System memory 1020 may be configured to store program instructions and/or data accessible by processor 1010. In various embodiments, system memory 1020 may be implemented using any suitable memory technology, such as static random access memory (SRAM), synchronous dynamic RAM (SDRAM), nonvolatile/Flash-type memory, or any other type of memory. In the illustrated embodiment, program instructions and data implementing desired functions, such as those described above for embodiments of a network activity analytics analysis module are shown stored within system memory 1020 as program instructions 1025 and data storage 1035, respectively. In other embodiments, program instructions and/or data may be received, sent or stored upon different types of computer-accessible media or on similar media separate from system memory 1020 or computer system 1000. Generally speaking, a computer-accessible medium may include storage media or memory media such as magnetic or optical media, e.g., disk or CD/DVD-ROM coupled to computer system 1000 via I/O interface 1030. Program instructions and data stored via a computer-accessible medium may be transmitted by transmission media or signals such as electrical, electromagnetic, or digital signals, which may be conveyed via a communication medium such as a network and/or a wireless link, such as may be implemented via network interface 1040.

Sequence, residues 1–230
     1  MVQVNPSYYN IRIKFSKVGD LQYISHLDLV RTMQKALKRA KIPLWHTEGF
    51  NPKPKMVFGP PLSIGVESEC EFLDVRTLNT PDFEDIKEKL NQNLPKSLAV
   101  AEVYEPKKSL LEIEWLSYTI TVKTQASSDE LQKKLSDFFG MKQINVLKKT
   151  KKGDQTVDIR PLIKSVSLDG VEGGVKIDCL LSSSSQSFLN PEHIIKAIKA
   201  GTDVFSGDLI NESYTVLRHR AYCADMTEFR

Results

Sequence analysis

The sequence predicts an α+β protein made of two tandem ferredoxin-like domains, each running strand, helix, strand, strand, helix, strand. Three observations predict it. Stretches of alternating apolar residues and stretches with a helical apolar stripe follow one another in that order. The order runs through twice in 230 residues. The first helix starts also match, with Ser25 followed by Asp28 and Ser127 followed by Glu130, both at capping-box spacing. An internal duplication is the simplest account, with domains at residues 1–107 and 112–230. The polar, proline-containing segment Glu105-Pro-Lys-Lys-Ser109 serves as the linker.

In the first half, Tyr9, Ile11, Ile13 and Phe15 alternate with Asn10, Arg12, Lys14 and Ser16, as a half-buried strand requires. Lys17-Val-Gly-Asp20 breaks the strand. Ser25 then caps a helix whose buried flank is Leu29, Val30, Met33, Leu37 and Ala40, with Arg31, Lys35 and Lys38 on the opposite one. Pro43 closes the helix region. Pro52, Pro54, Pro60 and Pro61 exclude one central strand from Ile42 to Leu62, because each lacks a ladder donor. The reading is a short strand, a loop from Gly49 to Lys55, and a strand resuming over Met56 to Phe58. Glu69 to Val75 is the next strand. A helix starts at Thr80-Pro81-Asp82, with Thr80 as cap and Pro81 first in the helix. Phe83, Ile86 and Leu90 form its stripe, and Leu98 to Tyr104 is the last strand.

In one embodiment, I/O interface 1030 may be configured to coordinate I/O traffic between processor 1010, system memory 1020, and any peripheral devices in the device, including network interface 1040 or other peripheral interfaces, such as input/output devices 1050. In some embodiments, I/O interface 1030 may perform any necessary protocol, timing or other data transformations to convert data signals from one component (e.g., system memory 1020) into a format suitable for use by another component (e.g., processor 1010). In some embodiments, I/O interface 1030 may include support for devices attached through various types of peripheral buses, such as a variant of the Peripheral Component Interconnect (PCI) bus standard or the Universal Serial Bus (USB) standard, for example. In some embodiments, the function of I/O interface 1030 may be split into two or more separate components, such as a north bridge and a south bridge, for example. In addition, in some embodiments some or all of the functionality of I/O interface 1030, such as an interface to system memory 1020, may be incorporated directly into processor 1010.